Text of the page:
In a video recap of his recent show in New Jersey posted to Instagram on Thursday (September 21), 50 dissed his former G-Unit soldiers by jabbing their careers.
“They think this is something? Wait ‘til they see Lloyd Banks’ tour,” he joked while backstage at the PNC Bank Arts Center in Holmdel.
Fif then targeted Young Buck by saying: “Wait ‘til they see Straight Outta Cashville,” referencing the Tennessee native’s debut album.
50 Cent has been vocal about his grievances with his former G-Unit signees for years. In his 2020 book Hustle Harder, Hustle Smarter, the Power mogul said he felt like he could have done a better job at teaching Lloyd Banks and Tony Yayo “how to evolve and change their habits,” claiming they had “unfulfilled potential.”
“While I was out hustling, Banks was more content staying on his porch and watching the world from there,” he wrote. “Banks wanted things to come to him, as opposed to going out and getting them for himself.
“That’s not me trying to assassinate his character — the guy has ‘Lazy Lloyd’ tattooed on his arm. He literally wears his laziness on his sleeve.”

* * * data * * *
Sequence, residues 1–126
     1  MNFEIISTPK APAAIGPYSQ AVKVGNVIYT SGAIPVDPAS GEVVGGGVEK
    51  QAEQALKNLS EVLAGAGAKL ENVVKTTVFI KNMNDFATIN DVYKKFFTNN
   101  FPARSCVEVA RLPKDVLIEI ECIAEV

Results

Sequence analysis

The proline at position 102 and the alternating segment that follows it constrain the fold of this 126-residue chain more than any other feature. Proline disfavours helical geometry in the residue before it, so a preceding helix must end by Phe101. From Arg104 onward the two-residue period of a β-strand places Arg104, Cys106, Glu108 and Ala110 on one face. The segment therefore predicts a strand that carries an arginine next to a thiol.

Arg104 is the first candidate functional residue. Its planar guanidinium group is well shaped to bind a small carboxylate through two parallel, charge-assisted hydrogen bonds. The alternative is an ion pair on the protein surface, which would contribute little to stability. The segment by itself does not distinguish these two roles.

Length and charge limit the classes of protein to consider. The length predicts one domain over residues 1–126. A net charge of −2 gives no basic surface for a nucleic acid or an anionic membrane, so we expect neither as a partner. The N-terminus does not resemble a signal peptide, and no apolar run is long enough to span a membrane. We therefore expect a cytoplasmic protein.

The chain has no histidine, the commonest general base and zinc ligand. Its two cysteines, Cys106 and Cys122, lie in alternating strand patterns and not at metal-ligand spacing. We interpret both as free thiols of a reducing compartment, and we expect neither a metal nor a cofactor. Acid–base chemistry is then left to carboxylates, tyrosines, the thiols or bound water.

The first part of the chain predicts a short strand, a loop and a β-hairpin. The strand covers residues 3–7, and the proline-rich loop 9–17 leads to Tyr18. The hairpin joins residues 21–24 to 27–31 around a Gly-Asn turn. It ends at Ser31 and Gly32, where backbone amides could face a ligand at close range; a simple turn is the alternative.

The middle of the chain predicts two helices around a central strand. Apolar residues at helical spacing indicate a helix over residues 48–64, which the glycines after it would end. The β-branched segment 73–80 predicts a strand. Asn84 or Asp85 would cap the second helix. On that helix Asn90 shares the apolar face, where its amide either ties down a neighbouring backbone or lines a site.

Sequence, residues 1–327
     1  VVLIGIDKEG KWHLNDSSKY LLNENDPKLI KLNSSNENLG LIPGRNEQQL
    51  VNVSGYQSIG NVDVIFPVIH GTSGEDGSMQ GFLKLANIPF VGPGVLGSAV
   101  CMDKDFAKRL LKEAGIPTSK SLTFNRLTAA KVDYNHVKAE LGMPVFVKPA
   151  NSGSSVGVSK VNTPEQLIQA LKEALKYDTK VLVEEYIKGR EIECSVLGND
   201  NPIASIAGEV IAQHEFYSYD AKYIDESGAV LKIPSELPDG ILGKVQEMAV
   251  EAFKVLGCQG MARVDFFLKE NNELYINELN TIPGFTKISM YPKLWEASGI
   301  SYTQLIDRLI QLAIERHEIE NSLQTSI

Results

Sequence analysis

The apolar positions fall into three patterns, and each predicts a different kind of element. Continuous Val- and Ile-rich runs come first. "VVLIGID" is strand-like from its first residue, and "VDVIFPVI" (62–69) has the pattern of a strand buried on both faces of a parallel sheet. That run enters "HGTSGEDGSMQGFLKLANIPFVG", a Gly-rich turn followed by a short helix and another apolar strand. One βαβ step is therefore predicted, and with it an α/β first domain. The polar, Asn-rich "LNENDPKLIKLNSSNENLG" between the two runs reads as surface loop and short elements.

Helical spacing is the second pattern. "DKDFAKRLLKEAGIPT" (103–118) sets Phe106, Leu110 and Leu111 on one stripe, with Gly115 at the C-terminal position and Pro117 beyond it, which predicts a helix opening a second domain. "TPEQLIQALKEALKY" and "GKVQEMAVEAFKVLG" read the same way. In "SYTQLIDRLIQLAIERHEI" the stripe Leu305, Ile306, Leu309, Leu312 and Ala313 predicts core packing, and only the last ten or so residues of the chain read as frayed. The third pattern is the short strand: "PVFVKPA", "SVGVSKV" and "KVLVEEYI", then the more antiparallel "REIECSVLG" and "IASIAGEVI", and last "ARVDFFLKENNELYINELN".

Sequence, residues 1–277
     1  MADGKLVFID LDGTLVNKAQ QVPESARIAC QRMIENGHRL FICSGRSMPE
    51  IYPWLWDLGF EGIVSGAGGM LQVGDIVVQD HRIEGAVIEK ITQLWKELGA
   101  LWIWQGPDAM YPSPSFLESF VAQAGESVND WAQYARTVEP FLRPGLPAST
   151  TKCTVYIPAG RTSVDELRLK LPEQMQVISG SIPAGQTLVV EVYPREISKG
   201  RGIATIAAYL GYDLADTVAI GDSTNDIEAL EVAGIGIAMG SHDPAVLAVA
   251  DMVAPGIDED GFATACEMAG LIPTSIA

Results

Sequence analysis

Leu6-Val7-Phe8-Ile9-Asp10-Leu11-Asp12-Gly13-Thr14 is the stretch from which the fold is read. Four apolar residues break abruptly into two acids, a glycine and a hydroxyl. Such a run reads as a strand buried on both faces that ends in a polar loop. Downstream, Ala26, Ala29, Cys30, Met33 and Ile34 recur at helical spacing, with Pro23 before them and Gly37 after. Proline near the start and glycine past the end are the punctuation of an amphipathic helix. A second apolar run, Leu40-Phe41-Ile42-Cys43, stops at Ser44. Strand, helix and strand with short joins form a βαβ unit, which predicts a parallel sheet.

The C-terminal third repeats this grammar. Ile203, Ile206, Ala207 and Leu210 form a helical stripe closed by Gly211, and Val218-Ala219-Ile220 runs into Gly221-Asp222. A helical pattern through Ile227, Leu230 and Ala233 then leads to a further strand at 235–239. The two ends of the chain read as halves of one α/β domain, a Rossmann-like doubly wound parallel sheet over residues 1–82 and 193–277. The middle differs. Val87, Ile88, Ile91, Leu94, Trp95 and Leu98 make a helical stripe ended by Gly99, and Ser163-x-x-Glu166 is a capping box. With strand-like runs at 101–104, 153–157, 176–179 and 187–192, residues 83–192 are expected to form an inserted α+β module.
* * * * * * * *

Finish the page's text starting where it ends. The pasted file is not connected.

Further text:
During an appearance on The Breakfast Club in August 2022, he shut down a potential G-Unit reunion, saying he was “done carrying them”.
Lloyd Banks responded to 50’s “lazy” comments on his The Course of the Inevitable song “Stranger Things,” which dropped in 2021.
“When you’re fucked up, behavior turns irregular quick, sometimes the pressure overwhelms when you’re the head of the clique/ But don’t get ahead of yourself, I ain’t bending for shit/ Nobody sees your vision until you’re successful,” he rapped.
“Your favorite’s nowhere near me when I’m dedicated/ Always humble, usually disciplined and never hated/ Call me quiet, call me lazy, talent never faded/ It’s frustrating when your grindin’ ain’t appreciated/ Should have been dead in my twenties, shit, at least I made it/ Guess I gotta prove myself again, increase your payment.”
Banks, who officially departed G-Unit Records in 2018, further opened up about his relationship with 50 Cent during an interview with GQ last year.
“It’s the same. We’re brothers,” he said. “We came into this together — we’re never all going to be doing the same thing at the same time at this point in our careers. You know what I mean? The last conversation I had with 50 was basically him telling me to get whatever I left out there. Because some hiatuses were planned and some weren’t.”
He continued: “But I can’t sit and cry about spilled milk. I’ve gotta go out there and make it happen. We did something special that will never be done again. Honestly, there are more positive moments than anything else. That’s where I’m at with [50 Cent and Tony Yayo]: We’re brothers and it’s always going to be that way.”